What Mike Trout’s Costovertebral Dysfunction Really Means

It started as back spasms. Then it was left ribcage inflammation. Now it’s a rare condition that could impact his career. So what’s really going on with Mike Trout?

After seeing a specialist, Trout was diagnosed with Costovertebral Dysfunction at T5. He has been sidelined since July 12, although his back has been bothering him for longer. Now he knows exactly why. This is a condition that affects the location in the back where the end of the ribs meet the transverse process (a small bony projection off the sides of each vertebrae). His problem is at the T5 vertebrae, which is in the upper middle of the back (it is the 5th of 12 vertebrae). It does not affect the spine, but it can present pain to the ribs and back area, and backs spasms often pop up.

Right now it’s all about pain management to get Trout back on the field. He already received a cortisone injection, but it can take a few weeks to properly kick in. A PRP injection is also a possibility if that doesn’t resolve his pain. I am expecting Trout to return sometime in August, but this is a highly recurrent issue. Trout is going to have to manage this throughout his career.

There is some good news, though. This shouldn’t end or even shorten his career, but it will lead to some times missed. When it starts to flare up, Trout needs to stop doing all baseball activities immediately and work to reduce inflammation. This will help with pain management and any spasms that occur. Baseball can be a tough sport when dealing with costovertebral dysfunction because it is affected by rotational movements. You can’t play baseball without rotating the trunk over and over again.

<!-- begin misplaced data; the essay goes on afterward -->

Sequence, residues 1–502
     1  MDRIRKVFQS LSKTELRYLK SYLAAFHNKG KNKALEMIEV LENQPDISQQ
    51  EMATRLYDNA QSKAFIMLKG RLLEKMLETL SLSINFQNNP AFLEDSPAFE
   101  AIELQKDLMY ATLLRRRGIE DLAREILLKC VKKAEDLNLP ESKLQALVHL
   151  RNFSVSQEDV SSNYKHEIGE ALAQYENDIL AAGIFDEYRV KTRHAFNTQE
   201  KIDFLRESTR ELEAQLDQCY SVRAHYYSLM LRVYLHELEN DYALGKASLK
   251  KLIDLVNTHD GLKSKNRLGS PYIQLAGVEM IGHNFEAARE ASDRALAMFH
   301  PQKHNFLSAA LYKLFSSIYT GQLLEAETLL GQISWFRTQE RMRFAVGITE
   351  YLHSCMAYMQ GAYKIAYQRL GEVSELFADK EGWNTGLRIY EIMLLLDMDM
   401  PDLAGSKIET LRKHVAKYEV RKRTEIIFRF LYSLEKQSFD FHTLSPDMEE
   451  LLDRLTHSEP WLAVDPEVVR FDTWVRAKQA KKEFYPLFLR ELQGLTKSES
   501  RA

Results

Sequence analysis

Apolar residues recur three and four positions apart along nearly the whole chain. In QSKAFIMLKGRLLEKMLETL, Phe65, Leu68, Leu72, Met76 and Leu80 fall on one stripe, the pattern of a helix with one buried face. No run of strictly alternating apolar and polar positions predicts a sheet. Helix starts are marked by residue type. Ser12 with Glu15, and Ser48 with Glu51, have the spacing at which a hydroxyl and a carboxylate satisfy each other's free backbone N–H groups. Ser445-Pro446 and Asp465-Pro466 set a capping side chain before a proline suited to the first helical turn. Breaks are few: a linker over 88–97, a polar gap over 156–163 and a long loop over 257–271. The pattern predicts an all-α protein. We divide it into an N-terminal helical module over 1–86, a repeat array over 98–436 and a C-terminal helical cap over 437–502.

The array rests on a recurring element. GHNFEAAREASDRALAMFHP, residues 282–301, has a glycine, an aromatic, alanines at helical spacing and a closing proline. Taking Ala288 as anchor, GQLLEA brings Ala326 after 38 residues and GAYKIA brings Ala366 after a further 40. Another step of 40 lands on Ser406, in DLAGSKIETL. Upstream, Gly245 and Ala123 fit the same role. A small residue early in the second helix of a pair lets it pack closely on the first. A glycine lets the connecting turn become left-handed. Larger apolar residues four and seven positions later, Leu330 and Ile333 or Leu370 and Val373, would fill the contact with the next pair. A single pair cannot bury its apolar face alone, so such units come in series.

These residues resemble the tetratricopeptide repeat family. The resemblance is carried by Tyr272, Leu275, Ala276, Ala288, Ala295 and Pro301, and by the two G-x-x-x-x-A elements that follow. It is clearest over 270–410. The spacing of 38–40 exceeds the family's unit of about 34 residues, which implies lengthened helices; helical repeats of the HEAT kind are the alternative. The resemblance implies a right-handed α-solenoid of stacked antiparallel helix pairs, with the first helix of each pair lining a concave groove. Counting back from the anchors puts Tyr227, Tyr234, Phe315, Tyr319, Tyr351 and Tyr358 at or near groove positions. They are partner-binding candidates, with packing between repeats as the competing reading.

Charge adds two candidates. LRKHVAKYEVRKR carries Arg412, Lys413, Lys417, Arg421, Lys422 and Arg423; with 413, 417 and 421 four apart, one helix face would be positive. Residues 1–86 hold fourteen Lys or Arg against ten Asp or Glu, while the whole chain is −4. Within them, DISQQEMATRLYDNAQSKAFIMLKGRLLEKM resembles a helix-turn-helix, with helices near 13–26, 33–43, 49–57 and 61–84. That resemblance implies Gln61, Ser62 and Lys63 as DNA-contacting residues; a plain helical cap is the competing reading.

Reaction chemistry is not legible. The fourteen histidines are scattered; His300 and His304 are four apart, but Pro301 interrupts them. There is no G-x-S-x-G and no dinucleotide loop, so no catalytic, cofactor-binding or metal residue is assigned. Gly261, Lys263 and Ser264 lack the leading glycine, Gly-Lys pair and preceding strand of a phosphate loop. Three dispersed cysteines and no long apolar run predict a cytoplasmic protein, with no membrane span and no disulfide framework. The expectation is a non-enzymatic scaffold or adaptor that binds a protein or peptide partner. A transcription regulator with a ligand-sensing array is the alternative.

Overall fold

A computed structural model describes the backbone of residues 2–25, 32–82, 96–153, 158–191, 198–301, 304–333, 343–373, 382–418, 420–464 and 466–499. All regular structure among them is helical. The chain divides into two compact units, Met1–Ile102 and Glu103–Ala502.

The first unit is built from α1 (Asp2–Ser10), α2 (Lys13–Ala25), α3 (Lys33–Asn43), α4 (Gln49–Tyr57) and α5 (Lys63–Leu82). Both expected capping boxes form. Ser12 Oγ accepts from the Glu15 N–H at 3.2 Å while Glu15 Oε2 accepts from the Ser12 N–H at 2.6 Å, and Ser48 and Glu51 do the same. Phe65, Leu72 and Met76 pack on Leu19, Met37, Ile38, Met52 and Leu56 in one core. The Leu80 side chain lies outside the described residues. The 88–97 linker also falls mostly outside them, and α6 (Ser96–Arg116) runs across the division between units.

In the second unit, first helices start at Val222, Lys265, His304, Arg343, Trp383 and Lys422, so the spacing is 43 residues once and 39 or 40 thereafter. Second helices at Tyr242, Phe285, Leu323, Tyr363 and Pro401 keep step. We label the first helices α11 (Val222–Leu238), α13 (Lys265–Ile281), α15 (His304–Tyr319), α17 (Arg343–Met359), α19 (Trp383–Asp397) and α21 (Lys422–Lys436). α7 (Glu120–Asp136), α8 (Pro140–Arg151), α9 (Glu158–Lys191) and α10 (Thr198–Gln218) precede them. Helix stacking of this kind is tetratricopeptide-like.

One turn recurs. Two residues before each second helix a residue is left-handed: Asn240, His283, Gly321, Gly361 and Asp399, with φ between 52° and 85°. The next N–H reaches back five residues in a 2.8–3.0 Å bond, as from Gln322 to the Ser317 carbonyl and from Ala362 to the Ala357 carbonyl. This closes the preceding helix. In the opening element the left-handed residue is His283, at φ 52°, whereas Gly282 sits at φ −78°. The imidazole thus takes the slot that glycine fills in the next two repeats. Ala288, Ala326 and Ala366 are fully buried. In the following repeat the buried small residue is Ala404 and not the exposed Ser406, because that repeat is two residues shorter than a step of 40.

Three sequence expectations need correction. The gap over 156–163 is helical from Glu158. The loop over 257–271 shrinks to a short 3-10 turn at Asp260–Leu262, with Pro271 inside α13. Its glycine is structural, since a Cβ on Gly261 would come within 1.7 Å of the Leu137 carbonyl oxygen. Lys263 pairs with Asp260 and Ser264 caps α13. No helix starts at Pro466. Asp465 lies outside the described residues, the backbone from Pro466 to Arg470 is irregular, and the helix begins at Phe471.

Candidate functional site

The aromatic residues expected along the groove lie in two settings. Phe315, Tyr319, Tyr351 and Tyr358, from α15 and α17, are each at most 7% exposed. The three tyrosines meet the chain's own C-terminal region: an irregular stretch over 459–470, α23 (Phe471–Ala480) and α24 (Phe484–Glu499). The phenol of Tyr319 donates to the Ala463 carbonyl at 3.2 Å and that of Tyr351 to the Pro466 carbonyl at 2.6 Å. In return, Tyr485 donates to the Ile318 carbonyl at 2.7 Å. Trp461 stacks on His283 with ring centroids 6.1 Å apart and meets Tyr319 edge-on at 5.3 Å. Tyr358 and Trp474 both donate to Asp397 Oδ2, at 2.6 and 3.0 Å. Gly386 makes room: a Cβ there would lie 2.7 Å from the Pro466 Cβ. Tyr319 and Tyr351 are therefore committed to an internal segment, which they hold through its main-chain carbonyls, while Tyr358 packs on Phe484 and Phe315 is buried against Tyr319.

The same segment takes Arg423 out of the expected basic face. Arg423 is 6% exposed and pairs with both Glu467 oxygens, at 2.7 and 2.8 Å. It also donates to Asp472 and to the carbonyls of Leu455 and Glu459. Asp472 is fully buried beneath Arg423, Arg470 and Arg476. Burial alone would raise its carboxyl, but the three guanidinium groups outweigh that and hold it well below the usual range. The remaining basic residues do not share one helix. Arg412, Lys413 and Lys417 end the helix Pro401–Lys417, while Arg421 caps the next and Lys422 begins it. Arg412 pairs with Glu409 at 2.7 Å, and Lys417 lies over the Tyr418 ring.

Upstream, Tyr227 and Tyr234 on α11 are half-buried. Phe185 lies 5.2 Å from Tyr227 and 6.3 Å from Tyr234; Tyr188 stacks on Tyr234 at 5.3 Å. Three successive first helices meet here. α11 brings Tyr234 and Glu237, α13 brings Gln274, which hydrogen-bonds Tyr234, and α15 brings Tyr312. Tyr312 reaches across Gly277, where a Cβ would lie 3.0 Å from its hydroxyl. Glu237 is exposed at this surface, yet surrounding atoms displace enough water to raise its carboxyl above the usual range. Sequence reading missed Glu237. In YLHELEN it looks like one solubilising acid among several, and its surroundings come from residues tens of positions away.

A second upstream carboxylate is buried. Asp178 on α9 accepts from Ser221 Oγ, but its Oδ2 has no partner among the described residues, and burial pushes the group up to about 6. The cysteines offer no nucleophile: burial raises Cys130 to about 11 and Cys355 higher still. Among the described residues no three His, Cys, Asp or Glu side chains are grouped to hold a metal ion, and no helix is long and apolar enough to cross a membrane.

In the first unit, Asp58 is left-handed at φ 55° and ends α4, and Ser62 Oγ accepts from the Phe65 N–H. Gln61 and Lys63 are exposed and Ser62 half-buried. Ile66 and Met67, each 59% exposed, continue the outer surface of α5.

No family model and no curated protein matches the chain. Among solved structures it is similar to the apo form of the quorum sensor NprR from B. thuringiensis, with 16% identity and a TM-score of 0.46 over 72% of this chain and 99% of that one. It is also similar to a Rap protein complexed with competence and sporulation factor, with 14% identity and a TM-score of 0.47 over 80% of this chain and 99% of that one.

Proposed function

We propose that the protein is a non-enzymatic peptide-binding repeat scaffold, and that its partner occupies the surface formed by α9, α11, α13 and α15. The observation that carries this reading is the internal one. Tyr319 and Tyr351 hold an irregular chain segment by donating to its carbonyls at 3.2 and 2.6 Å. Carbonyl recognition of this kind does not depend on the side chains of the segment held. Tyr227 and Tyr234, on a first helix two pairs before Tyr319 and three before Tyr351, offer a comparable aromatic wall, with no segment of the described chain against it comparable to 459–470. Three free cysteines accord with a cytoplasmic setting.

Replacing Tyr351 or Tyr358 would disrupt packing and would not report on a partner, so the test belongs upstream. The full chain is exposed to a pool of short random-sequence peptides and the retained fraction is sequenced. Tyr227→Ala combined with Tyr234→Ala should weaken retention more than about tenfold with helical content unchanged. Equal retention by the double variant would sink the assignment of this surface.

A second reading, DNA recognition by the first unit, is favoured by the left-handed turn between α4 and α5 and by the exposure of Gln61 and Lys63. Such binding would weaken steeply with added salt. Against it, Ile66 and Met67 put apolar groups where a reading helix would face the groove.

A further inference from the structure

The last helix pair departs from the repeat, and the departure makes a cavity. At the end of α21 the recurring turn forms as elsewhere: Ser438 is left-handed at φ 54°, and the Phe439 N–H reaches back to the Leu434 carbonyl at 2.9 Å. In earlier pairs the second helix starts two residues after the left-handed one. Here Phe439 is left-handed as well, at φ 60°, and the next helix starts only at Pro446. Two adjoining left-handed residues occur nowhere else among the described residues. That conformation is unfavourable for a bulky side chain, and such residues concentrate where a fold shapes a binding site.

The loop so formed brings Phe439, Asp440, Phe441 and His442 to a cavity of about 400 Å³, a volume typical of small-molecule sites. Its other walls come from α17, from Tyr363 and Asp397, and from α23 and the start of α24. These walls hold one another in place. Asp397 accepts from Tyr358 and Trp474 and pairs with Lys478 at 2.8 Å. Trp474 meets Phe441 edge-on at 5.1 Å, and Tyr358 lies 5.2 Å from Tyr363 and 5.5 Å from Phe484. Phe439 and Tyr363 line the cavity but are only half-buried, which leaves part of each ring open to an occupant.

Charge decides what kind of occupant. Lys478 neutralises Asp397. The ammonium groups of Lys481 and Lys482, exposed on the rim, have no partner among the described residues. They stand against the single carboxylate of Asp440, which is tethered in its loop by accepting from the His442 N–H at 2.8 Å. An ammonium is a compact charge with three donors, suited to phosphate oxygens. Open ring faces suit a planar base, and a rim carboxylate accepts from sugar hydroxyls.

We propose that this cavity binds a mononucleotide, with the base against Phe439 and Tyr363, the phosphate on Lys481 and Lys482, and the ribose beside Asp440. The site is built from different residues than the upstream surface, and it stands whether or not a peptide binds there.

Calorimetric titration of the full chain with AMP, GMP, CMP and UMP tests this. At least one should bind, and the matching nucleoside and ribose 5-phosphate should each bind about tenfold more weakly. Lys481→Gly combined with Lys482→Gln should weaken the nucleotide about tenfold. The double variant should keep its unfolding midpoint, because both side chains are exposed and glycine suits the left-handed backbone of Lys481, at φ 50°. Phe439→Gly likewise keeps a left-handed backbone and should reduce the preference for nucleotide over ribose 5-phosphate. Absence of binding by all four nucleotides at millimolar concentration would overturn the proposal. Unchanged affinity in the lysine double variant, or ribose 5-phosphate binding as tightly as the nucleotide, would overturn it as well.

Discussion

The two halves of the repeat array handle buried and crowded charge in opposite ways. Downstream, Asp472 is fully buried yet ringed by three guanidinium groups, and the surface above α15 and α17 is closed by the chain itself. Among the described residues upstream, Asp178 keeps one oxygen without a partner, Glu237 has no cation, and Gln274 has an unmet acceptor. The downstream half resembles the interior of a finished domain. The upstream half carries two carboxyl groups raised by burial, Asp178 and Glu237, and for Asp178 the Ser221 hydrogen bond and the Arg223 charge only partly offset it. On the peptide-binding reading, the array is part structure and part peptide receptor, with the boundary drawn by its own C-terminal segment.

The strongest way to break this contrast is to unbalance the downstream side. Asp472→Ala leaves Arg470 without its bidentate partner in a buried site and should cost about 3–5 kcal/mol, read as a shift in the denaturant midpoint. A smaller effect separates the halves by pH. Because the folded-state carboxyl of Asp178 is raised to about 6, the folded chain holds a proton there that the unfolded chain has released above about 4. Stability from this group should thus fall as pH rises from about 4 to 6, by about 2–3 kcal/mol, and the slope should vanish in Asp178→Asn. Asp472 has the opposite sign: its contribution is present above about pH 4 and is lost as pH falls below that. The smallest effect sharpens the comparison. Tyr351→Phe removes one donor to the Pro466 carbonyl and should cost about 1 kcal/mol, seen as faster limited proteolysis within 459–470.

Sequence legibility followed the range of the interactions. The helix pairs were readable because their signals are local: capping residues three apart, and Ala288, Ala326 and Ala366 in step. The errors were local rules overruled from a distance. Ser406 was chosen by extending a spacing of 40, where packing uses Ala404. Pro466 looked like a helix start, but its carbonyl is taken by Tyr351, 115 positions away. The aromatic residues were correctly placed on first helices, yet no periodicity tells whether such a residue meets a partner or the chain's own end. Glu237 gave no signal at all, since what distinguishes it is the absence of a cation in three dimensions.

Of course this isn’t something we wanted to hear Mike Trout is dealing with, but it isn’t the worst thing. Yes, it will have an impact on him throughout his career, but we should still see MVP Mike Trout back. The Angels medical staff will need to stay on top of treatment to limit the impact Costovertebral dysfunction has on Trout’s ability to play. When any pain, spasms or inflammation appear, Trout needs to be immediately shut down and treated so it doesn’t become more serious.

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